Chance and natural selection

Philosophy of Science 51 (2):183-211 (1984)

Abstract

Among the liveliest disputes in evolutionary biology today are disputes concerning the role of chance in evolution--more specifically, disputes concerning the relative evolutionary importance of natural selection vs. so-called "random drift". The following discussion is an attempt to sort out some of the broad issues involved in those disputes. In the first half of this paper, I try to explain the differences between evolution by natural selection and evolution by random drift. On some common construals of "natural selection", those two modes of evolution are completely indistinguishable. Even on a proper construal of "natural selection", it is difficult to distinguish between the "improbable results of natural selection" and evolution by random drift. In the second half of this paper, I discuss the variety of positions taken by evolutionists with respect to the evolutionary importance of random drift vs. natural selection. I will then consider the variety of issues in question in terms of a conceptual distinction often used to describe the rise of probabilistic thinking in the sciences. I will argue, in particular, that what is going on here is not, as might appear at first sight, just another dispute about the desirability of "stochastic" vs. "deterministic" theories. Modern evolutionists do not argue so much about whether evolution is stochastic, but about how stochastic it is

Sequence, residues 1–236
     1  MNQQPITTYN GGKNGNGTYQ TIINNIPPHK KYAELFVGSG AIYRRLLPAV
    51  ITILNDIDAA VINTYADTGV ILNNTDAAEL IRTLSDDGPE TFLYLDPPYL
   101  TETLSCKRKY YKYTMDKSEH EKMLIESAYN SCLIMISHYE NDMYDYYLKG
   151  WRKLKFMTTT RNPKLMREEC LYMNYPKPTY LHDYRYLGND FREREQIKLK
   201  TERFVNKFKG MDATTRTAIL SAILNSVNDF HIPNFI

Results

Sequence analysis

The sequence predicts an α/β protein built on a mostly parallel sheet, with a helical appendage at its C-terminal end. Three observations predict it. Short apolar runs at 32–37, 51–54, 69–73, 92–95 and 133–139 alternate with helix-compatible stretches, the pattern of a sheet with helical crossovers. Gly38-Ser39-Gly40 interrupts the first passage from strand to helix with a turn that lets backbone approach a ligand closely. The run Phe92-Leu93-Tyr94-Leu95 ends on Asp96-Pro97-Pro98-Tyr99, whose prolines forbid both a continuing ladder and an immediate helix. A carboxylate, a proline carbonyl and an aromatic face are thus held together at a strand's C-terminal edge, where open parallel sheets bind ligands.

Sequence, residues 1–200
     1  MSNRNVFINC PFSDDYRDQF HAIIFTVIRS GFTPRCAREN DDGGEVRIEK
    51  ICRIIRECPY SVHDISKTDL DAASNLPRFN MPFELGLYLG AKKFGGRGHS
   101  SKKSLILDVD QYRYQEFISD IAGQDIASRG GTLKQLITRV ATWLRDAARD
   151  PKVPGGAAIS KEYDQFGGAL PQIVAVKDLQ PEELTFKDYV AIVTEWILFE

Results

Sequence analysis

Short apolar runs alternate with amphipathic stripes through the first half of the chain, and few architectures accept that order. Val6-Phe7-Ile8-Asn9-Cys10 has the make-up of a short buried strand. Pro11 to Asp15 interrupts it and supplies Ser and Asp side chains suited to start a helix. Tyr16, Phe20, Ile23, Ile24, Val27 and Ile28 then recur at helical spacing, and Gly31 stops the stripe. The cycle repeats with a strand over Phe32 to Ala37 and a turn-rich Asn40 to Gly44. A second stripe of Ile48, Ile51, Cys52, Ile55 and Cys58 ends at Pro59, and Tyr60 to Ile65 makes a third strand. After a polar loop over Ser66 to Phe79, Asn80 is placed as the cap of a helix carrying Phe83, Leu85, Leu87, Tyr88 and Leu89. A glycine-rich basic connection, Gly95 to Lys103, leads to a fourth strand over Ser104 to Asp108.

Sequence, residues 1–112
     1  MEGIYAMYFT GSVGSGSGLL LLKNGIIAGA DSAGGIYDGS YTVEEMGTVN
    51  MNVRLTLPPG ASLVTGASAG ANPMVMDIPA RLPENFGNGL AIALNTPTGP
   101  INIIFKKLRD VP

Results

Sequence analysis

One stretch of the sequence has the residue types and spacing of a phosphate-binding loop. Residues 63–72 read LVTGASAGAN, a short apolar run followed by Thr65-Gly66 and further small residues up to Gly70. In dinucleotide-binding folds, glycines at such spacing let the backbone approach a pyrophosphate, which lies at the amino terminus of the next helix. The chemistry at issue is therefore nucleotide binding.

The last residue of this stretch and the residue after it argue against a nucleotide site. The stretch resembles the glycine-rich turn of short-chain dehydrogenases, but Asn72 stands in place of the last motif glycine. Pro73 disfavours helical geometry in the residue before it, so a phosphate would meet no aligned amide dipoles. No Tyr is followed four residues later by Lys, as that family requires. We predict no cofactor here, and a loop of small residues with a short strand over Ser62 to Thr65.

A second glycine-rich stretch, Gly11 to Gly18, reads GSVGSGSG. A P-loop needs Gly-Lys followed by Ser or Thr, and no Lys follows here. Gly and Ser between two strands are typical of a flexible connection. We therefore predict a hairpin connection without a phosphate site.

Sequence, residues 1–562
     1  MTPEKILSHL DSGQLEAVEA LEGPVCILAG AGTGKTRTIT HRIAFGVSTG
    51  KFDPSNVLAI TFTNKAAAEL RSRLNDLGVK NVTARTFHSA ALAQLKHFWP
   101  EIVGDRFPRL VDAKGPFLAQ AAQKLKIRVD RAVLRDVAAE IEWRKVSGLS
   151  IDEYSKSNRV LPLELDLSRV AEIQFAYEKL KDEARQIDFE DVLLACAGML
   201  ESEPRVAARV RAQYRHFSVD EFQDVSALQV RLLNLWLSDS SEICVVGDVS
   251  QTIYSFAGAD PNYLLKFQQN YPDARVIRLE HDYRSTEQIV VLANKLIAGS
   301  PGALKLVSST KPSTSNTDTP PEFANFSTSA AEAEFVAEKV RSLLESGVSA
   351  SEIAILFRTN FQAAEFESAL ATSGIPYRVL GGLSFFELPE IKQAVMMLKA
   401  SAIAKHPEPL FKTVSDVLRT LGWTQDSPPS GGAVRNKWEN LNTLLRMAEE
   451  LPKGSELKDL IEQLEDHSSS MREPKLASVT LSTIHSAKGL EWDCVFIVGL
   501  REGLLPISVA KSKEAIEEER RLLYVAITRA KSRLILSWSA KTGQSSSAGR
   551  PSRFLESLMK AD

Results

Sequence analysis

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References found in this work

Sociobiology: The New Synthesis.Edward O. Wilson - 1975 - Journal of the History of Biology 33 (3):577-584.
The Triumph of the Darwinian Method.Michael T. Ghiselin - 1973 - Philosophy of Science 40 (3):466-467.
Adaptation and Evolutionary Theory.Robert N. Brandon - 1978 - Studies in History and Philosophy of Science Part A 9 (3):181.
The Propensity Interpretation of Fitness.Susan K. Mills & John H. Beatty - 1979 - Philosophy of Science 46 (2):263-286.

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